If persistent rumors are true, Apple will announce a streaming music service next week called iRadio. Apple has a reputation for making a splash with new products, and everyone’s waiting to be wowed with iRadio. But in a crowded streaming-music scene, what can Apple offer that the others don't?
Over the past few years, streaming-music services have proliferated. Options like Pandora, Slacker and Songza focus on creating personalized "stations," which generate a playlist of songs related to an artist, song or mood. Others — like Spotify, Rdio and Google Play Music All Access — are mainly on-demand, meaning you pick the specific song you'd like to hear (though they offer radio functions, too).
With so many choices, it's hard to see what new thing Apple can bring to the party. Russ Crupnick, an analyst with research firm NPD, said that most serious music fans have already found their preferred tools for listening to and discovering digital music. [See also: New Apps Make Finding Music Easier ]
That means Apple is likely to target the casual listener with its service — people who like to press play and let the service take care of the rest — just as a radio station does, Crupnick said.
Given that expectation, iRadio will likely be more like Pandora than Spotify, but with millions more songs than Pandora can offer, thanks to all the deals Apple has made through iTunes over the years. And even within the streaming personalized radio genre, there's still room for improvement.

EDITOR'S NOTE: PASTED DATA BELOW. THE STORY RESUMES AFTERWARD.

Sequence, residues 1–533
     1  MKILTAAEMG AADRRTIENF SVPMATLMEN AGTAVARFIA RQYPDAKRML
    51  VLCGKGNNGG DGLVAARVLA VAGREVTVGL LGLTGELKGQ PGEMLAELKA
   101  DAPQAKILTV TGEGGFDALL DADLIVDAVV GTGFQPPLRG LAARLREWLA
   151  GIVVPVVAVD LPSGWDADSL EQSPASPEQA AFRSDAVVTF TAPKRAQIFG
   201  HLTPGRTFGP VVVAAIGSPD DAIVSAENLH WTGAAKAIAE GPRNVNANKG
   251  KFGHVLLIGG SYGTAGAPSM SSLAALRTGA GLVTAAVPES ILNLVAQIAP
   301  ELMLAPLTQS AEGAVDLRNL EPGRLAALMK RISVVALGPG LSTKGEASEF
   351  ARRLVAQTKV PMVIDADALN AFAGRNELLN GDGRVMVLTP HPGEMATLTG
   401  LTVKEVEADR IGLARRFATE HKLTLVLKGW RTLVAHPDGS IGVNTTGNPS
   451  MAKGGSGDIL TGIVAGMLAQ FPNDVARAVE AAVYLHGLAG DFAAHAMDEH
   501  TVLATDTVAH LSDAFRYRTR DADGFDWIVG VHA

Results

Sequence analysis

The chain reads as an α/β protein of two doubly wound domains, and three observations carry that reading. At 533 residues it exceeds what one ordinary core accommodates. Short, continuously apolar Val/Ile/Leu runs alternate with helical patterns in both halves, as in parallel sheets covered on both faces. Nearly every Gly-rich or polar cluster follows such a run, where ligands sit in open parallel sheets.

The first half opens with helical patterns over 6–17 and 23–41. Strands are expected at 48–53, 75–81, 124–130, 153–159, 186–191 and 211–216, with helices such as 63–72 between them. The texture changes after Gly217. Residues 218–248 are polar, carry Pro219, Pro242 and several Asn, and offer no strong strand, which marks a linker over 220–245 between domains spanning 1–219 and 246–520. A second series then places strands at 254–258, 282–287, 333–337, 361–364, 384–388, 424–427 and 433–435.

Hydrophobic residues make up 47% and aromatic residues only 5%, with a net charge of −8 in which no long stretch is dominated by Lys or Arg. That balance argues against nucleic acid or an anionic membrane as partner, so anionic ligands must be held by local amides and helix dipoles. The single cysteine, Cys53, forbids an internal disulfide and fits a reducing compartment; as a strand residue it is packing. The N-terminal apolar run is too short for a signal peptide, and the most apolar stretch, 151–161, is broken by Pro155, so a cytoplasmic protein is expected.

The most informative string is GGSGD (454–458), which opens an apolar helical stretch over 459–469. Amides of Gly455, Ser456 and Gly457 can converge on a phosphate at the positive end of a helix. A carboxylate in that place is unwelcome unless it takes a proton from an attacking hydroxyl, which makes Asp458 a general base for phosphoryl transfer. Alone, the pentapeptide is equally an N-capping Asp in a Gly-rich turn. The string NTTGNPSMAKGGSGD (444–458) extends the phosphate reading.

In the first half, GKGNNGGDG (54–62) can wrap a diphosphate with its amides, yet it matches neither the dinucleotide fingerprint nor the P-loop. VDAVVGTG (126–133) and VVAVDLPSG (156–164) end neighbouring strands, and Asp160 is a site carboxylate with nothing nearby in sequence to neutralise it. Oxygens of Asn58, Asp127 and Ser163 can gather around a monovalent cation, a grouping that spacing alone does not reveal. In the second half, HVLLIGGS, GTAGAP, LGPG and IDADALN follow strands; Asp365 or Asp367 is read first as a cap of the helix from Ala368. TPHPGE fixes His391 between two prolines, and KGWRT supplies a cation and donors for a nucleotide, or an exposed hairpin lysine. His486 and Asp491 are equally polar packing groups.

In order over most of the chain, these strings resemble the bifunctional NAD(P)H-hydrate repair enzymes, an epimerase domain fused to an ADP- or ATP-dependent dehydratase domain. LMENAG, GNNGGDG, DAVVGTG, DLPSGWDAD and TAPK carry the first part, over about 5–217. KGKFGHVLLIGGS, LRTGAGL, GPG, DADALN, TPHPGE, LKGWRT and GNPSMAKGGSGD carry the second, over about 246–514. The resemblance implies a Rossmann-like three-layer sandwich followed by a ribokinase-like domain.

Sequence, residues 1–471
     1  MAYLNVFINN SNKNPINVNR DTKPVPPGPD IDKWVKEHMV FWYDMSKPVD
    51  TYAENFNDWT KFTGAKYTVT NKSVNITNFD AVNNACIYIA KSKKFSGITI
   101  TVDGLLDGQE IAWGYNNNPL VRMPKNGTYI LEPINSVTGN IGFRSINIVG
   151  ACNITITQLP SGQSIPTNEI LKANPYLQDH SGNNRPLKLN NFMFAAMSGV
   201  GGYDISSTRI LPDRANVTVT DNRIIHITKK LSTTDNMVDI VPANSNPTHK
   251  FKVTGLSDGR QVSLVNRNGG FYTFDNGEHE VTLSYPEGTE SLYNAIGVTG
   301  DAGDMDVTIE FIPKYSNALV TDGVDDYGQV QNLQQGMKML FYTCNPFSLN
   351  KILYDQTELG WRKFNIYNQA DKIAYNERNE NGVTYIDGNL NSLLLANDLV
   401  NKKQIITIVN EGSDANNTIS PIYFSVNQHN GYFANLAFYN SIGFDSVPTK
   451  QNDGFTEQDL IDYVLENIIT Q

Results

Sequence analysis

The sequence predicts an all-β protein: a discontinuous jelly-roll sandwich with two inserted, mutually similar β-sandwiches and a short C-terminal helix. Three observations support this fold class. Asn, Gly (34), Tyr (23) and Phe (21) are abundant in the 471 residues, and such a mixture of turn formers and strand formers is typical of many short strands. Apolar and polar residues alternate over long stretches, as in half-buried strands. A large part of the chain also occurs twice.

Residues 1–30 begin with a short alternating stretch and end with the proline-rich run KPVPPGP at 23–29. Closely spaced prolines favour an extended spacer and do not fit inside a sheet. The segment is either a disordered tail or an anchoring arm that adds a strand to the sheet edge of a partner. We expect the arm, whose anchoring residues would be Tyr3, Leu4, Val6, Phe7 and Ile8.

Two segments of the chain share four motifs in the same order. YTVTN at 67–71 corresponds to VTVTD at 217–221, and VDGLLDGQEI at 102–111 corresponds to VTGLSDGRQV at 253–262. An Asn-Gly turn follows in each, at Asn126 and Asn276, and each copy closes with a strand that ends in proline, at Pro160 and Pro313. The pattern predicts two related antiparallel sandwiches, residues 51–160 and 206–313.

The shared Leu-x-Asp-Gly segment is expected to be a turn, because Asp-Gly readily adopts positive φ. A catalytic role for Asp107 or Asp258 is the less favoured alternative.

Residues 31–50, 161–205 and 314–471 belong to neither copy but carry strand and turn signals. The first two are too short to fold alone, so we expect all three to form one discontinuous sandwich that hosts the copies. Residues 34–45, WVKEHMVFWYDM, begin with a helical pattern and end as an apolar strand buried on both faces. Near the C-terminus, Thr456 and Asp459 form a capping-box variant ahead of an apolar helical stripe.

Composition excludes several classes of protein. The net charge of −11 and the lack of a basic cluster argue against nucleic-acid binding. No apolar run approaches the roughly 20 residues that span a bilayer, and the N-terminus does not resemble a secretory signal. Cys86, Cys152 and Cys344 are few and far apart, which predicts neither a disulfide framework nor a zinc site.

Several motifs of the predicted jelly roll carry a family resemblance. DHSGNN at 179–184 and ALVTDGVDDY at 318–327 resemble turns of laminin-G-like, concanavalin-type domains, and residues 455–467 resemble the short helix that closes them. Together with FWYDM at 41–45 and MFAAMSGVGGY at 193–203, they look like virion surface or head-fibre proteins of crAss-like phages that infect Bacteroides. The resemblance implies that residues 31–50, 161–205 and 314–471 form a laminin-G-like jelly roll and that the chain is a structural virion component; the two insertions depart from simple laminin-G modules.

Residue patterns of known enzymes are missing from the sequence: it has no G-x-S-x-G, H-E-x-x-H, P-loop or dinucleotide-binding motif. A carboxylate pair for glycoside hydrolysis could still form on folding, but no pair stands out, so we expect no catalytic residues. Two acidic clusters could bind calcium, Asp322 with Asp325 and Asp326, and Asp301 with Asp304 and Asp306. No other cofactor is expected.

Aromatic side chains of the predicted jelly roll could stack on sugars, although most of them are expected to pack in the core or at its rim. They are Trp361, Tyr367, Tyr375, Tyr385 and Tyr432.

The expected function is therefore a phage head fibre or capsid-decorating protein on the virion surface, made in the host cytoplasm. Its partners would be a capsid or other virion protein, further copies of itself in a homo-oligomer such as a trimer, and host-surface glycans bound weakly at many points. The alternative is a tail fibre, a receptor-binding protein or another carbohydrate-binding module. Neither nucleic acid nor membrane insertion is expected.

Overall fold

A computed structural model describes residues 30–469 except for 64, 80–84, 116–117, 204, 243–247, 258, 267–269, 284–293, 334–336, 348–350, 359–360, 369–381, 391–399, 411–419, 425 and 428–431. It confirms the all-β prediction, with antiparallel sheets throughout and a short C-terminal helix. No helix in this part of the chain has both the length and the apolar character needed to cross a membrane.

Apple's biggest advantage could be in iOS. If Apple's new music service takes advantage of the tools in its devices and mobile operating system, iRadio could be the service everyone wants.
Here are some prime areas where Apple could improve the digital-music experience:
iTunes improvement: Apple will likely bake iRadio into its iTunes software, which means that hundreds of millions of people will have access to it after updating their software. Because it will live beside your existing music collection, it couldn’t be easier to make iRadio a part of your listening habits.
iTunes Match upgrade: While Apple may offer a free version of iRadio with ads to support it, the company could make an ad-free version part of its paid iTunes Match service, which serves as a digital locker for your own music collection. At $25 a year, it would be one of the cheaper music subscriptions.
Better recommendations: iTunes already knows the music you like, based on the tracks you've bought or loaded on your iOS device. It shouldn't be a stretch, then, for iRadio to customize your stations without additional input from you.
Siri integration: Mobile music apps on iOS require a lot of touching and typing. If Apple integrates iRadio with Siri, its virtual assistant, you could largely control the app by voice (very handy in the car).
Location settings: Some apps already adjust the music selection based on the time of day. But Apple could take context-based music further by also using location-based functions of iOS to cue up different stations based on where you are. When you get in the car, and it could start playing some classic rock through the car stereo using Bluetooth. When you’re at your desk, it could switch to classical.
No matter which features iRadio includes, you can count on it being a major contender for your ears.
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